Photo Credit: The Daily Beast
By: Cillian Muldoon, Associate Editor for the Middle East
The threat posed by Islamist terrorist organizations, like al-Qa‘ida (AQ) and ISIS, can most aptly be framed by considering that terrorism’s primary objective rests less on the immediate damage inflicted by an attack, and more on the reaction—by policymakers, societies, and the media—that such an attack can provoke. The destruction and loss of life incurred during the September 11, 2001 attack—the most fatal coordinated terrorist attack in US and world history—did not come close to challenging the survival of the United States or its existence, in a literal sense. The requisite scale and sophistication needed to accomplish that feat indicates that very few, if any, terrorist attacks could challenge the United States in this regard. However, given terrorism’s primary objective, it may be more appropriate to conceive of the existential threat posed by Islamist terrorist organizations less by their destructive capacity to eliminate a state and more by their potential to incite reactions that fundamentally change the nature of a state so that it no longer exists in the form it once had. In this light, the threat posed by a CBRN attack from Islamist groups carries the potential to be existential, but often gets overstated. Conversely, since 9/11, Islamist terrorists have threatened the strategic position of the United States by evoking counterproductive and costly foreign policy and have challenged U.S. identity by encouraging policies that run counter to national values.
The destructive capacity of CBRN weapons combined with terrorist organizations’ persistence in trying to acquire them could pose an existential threat to the United States, though the risk of such an occurrence remains low. Documents uncovered at an AQ base revealed plans for a rudimentary nuclear device, as well as an outline to disperse biological agents via crop duster.[i] ISIS, through its territorial acquisition, now controls several regime chemical facilities in Iraq and Syria and has used low concentration mustard gas in the field of battle on numerous occasions. Taken together, the ability for an organization to develop CBRN weapons indigenously, acquire them through a state sponsor, or via a deteriorating security situation presents a legitimate threat. However, as Lieber and Press note, the likelihood of attribution, among other concerns, would prevent states from giving nuclear weapons to terrorists.[ii] To develop and use nuclear weapons autonomously, a group would have to overcome roughly 20 discrete obstacles at a cost well into the millions of dollars.[iii] Given a 50 per cent success rate for each obstacle—a grossly conservative figure—the rate of successfully deploying a nuclear weapon remains less than one in a million.[iv] The case of Aum Shinrikyo—a group that in 1995 had roughly 50,000 members, assets in the billions of dollars, and a fairly wide operating space—shows that successfully developing and using biological and chemical weapons presents similar difficulty.[v] Terrorist groups operate with finite resources and a constrained time horizon. They tend to replicate tactics that have worked in the past, giving preference to those with a high success rate and low cost. Therefore, CBRN weapons present a genuine threat, but not an imminent one. Unfortunately for policymakers, the mere fact that terrorists express an interest in CBRN weapons necessitates the continuance of implementing defensive measures, however unlikely the outcome. Accepting that terrorist groups operate as collective rational actors,[vi] intelligence agencies should pursue measures that add to the number of obstacles or increase the cost of acquisition and use of CBRN weapons.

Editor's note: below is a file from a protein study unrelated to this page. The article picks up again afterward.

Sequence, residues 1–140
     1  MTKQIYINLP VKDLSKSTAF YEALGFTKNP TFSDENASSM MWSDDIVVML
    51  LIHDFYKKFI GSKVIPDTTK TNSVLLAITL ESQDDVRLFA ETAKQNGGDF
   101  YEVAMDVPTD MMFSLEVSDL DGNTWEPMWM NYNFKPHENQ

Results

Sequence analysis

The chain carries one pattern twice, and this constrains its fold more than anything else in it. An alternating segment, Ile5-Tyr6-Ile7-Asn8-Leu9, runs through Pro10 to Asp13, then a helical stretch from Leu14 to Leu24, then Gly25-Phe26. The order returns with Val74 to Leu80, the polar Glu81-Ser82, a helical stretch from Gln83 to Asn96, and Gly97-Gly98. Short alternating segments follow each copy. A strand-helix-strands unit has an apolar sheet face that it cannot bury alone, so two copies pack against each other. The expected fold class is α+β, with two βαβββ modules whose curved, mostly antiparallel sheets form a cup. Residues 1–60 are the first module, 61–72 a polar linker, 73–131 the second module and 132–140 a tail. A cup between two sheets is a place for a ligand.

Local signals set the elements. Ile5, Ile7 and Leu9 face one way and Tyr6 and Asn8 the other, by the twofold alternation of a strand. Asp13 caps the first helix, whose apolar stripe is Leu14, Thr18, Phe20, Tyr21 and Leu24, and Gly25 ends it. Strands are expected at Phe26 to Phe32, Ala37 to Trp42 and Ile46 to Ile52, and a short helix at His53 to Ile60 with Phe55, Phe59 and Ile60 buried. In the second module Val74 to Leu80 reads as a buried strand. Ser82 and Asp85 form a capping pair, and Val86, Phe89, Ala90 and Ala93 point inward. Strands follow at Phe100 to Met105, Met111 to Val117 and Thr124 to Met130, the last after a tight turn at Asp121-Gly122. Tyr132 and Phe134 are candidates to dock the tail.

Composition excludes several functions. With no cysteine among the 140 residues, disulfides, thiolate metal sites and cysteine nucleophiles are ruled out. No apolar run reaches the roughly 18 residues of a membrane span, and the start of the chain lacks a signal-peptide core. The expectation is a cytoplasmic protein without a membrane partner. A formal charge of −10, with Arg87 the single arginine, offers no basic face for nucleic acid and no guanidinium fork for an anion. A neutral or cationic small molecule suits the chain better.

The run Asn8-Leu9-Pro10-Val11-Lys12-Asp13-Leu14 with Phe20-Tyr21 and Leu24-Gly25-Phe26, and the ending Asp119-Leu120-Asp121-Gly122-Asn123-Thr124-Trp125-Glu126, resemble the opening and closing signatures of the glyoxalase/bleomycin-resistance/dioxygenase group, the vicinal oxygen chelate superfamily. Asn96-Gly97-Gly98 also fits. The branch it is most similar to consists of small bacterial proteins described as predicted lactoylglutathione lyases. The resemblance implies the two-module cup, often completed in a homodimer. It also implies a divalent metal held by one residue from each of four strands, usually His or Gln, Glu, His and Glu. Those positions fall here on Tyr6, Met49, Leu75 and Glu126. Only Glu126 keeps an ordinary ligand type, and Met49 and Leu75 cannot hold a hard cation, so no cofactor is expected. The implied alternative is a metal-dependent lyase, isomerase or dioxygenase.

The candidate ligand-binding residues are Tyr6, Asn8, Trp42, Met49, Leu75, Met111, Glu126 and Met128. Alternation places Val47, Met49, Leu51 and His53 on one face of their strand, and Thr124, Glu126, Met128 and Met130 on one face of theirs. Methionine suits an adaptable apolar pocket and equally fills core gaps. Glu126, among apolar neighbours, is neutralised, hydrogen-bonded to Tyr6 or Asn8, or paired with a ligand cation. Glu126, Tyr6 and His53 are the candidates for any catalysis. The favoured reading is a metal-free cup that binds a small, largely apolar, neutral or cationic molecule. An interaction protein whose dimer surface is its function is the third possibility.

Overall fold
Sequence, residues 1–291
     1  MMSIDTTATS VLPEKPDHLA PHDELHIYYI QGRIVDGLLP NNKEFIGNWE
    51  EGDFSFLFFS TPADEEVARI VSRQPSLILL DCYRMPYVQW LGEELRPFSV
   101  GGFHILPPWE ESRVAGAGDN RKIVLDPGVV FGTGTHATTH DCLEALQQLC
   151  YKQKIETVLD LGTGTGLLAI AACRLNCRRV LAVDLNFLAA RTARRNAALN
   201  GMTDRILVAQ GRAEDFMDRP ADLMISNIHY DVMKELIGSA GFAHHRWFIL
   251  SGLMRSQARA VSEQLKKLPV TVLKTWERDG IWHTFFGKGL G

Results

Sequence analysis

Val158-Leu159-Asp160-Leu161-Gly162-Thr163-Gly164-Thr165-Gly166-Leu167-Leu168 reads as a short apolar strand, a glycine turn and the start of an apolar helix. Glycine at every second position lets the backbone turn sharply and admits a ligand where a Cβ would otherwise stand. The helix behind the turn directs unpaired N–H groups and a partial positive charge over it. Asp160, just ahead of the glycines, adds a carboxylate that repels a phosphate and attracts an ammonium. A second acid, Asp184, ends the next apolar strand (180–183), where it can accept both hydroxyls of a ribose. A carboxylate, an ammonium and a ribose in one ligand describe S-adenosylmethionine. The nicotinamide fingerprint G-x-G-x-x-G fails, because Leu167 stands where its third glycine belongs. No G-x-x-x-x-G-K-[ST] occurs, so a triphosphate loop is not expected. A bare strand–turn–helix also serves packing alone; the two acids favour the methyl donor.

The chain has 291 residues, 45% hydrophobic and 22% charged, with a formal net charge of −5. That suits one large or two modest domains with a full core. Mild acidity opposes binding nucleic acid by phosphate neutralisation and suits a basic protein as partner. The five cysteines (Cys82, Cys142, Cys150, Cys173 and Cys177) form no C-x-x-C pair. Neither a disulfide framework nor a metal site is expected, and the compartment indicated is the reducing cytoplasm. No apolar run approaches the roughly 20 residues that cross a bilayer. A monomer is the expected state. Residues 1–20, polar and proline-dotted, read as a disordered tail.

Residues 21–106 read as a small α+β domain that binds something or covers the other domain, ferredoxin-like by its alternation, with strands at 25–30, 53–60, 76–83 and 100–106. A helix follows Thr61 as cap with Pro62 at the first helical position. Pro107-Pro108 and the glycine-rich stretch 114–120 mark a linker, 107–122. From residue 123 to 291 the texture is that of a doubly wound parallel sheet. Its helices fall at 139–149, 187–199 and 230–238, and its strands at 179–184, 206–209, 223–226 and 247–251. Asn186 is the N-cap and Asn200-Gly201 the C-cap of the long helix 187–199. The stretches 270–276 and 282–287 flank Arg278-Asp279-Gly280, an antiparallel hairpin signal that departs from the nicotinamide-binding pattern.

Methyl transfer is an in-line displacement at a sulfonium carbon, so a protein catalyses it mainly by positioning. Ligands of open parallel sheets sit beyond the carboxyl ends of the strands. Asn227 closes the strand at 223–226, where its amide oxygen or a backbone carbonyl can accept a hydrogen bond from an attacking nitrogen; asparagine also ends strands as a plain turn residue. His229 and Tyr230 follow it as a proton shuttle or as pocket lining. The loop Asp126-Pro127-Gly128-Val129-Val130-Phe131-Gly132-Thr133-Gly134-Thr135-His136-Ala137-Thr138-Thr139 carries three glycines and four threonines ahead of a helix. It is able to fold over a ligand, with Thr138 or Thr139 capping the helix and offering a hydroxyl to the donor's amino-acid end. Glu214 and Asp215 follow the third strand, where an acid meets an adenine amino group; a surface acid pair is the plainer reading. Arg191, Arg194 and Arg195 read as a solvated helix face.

By goading the United States into overextension, Islamist terrorist groups threaten the US ability to maintain its position as a global economic power into the future. Shaped by the experience of the Soviet withdrawal from Afghanistan, Usama bin Ladin’s grand strategy involved attacking the United States and drawing it into lengthy conflicts that depleted its resources until it was forced to resign and abandon its position in the Middle East.[vii] In response to the 9/11 attacks, the September 18, 2001 Authorization for the Use of Military Force granted the president the authority to use “all necessary and appropriate force against those nations, organizations, or persons,”[viii] deemed responsible or related to the perpetrators of the attack. Such a broad mandate, coupled with new low cost tactics like drone warfare,[ix] significantly reduced the threshold of engagement. Terrorism became a lens through which the president could justify entering any number of conflicts without giving commensurate consideration to the long-term strategic ramifications that enter the debate when declaring war on a specific state. Indeed, the US counterinsurgencies in Iraq and Afghanistan, both more than a decade old, have cost the United States trillions of dollars and thousands of lives without yielding any real stability or improved governing capacity. As these conflicts drag on, the United States will continue to squander resources in a region, and in states, that are not vitally important to its future strategic interests. Such actions come at an opportunity cost of the United States not maximally positioning itself in regions like East Asia, which in the coming years will account for half of all economic growth outside the United States.[x] The policy implications of this existential threat requires states to manage expectations, build resilience to attacks, and prevent visceral reactions by ensuring that the strategy implemented matches the desired end goal. Comprehensive counterterrorism strategy necessitates the elimination of safe havens; however, counterinsurgency is a crude, suboptimal, and expensive strategy for achieving that end.